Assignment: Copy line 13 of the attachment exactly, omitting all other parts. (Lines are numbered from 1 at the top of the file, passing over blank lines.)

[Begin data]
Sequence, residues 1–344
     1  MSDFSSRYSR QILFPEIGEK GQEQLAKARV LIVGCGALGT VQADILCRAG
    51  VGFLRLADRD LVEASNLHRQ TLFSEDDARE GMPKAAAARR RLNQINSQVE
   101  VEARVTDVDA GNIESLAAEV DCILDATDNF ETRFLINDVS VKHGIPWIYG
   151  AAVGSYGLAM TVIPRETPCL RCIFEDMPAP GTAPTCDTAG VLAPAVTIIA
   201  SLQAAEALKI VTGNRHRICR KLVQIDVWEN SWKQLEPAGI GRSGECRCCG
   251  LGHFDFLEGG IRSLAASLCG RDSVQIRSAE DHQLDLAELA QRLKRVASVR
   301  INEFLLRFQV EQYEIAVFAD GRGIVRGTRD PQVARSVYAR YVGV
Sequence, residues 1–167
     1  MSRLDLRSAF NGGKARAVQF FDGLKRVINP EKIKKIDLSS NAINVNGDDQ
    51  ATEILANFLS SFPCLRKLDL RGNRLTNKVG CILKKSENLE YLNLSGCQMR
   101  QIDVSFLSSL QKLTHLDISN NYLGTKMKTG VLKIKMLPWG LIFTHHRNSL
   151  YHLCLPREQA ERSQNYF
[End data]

   151  YHLCLPREQA ERSQNYF